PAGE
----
Buying Green

Maegan Kabel, Photo Editor

Organic. Grain-fed. Free range. No hormones.
These are the labels I look for when I go grocery shopping. I nag my mom to go up to Whole Foods just so I can wander around, trying to find some neat items for my lunch the next week.
I’m like a kid in a candy store.
That is, if candy were made with organic sugar, no animal products and had options like soy and gluten-free.
As teenagers, we typically eat just about anything that’s put in front of us. Many don’t think about what is actually in that Big Mac and side of fries, or what kinds of weird chemicals are put into the bag of chips.
Don’t get me wrong, I come home and eat potato chips and make Sonic runs just like other people.
But it’s also important to realize what is in what we are eating.
To coin a term used by a book I recently read, Get Real, we need to think about what makes up these “frankenfoods.”
Buying organic and local foods is essential to helping the environment as well as ourselves.
You know those antibiotic-resistant viruses doctors and scientists talk about that are becoming increasingly immune to all of our medicine?
The overuse of antibiotics is a large contributor to this.
Organic foods often don’t have hormones, antibiotics or pesticides.
Foods grown in various parts of the country have to be flown to their destination, and then transported by trucks to the stores. Those plastic bottles of milk at the store have a larger carbon footprint than you probably think.
Milk is a product that can easily be obtained locally. Whole Foods and Price Chopper carry milk in glass bottles from two dairy farms in Kansas.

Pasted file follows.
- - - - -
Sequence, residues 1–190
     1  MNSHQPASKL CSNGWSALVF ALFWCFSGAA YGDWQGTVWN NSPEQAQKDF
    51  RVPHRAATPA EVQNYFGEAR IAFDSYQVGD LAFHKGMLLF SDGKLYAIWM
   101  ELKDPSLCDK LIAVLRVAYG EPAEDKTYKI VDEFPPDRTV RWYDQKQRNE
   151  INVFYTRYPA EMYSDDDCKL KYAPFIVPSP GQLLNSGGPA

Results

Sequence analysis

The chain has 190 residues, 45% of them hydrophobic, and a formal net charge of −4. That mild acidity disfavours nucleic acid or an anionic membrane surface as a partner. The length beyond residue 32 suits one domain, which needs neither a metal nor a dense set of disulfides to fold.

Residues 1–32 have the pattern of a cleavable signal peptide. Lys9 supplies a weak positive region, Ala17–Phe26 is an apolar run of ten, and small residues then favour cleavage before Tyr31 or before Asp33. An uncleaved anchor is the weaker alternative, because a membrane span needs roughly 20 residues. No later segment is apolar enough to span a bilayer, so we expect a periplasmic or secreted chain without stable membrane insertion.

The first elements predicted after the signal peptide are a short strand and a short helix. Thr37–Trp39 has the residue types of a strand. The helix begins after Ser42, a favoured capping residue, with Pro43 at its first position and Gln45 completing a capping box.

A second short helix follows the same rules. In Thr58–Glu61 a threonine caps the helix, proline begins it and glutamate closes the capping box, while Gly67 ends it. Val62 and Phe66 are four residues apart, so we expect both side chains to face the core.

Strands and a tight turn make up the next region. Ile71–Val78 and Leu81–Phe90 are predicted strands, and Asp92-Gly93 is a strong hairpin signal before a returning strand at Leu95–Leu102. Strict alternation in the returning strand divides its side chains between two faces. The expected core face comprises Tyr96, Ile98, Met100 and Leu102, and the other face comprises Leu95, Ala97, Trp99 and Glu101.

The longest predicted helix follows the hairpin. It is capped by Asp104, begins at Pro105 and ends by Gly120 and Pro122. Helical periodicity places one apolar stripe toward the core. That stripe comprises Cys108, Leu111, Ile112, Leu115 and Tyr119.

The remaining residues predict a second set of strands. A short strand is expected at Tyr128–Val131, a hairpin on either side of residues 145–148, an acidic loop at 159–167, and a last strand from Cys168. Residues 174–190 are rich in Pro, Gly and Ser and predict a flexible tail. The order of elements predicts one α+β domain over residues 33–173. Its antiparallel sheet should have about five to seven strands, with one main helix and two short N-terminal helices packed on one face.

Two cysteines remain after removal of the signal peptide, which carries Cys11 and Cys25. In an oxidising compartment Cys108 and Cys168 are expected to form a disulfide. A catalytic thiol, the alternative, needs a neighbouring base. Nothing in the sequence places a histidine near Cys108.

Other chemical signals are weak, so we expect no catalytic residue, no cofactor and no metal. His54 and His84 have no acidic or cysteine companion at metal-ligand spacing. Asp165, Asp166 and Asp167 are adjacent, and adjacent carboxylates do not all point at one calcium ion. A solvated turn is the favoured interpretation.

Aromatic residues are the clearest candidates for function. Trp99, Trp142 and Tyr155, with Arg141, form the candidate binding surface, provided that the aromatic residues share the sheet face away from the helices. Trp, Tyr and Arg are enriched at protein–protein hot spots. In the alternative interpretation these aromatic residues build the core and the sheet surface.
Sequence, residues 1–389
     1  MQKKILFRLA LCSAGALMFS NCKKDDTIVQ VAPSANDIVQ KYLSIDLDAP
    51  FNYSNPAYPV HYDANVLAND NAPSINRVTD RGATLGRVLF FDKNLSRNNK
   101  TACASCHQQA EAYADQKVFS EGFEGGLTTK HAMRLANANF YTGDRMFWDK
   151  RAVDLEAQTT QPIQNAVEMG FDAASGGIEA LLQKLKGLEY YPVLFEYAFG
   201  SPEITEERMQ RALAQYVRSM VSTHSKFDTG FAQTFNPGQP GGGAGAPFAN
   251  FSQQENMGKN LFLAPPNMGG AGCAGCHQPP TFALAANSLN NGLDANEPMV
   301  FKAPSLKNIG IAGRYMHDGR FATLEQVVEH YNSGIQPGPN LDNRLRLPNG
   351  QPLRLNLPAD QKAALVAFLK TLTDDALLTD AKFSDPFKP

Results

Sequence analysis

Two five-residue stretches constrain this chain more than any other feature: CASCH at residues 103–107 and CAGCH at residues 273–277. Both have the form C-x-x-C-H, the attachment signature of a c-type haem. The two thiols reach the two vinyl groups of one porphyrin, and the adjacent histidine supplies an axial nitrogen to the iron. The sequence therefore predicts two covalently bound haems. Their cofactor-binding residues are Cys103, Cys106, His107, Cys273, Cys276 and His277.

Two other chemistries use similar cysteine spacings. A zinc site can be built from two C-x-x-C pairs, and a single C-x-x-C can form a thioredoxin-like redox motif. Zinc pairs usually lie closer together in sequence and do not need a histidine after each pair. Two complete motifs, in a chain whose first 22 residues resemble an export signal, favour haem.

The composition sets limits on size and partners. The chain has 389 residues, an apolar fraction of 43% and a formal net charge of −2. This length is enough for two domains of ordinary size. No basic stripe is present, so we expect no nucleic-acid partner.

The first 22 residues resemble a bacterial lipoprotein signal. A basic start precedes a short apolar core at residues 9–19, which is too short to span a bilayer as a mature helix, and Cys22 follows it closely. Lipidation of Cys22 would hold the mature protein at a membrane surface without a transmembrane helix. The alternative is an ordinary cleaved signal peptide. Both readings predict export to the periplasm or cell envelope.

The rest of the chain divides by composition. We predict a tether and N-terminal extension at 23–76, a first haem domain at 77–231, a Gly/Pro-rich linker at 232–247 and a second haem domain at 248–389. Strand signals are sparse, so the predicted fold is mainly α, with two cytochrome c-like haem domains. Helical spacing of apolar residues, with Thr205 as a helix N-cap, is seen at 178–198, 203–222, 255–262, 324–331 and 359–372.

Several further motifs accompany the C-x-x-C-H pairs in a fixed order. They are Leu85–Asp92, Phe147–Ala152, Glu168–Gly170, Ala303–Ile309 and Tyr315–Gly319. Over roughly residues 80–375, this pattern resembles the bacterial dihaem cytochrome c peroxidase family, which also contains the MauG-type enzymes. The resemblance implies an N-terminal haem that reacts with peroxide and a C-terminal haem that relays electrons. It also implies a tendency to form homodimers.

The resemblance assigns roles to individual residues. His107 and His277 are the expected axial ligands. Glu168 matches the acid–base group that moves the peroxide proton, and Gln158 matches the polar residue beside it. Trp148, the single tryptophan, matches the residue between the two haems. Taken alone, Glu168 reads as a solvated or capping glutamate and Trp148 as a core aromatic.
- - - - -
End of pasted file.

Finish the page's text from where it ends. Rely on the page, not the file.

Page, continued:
And packaging isn’t the only upside to that. I don’t particularly like milk, but, let me tell you, milk in glass bottles tastes better than the milk held in plastic jugs.
Foods seen at Whole Foods look different than what is usually thought of being in a grocery store.
Carrots have big bushy tops on them.
Apples are different colors of red and yellow, but they don’t shine. They also aren’t much larger than your fist.
Cereal comes in 100 percent reused cardboard boxes.
There are bins of whole-sale nuts on display, similar to how candy is sold in bulk in candy stores.
The major complaint of many (my mom included) about buying these types of foods and shopping at stores such as Whole Foods are the prices.
These foods are just too expensive.
But, then, why are foods that are better for people and the environment so expensive?
Because people are spending more money on the other foods — the frankenfoods.
If large stores and brands saw that majority of the people were buying organic food, then maybe they’d consider switching their product methods to include these better foods.
But, until then, the better food will remain at the higher price.
It’s up to the consumer to save the food industry and show them what they need to be selling.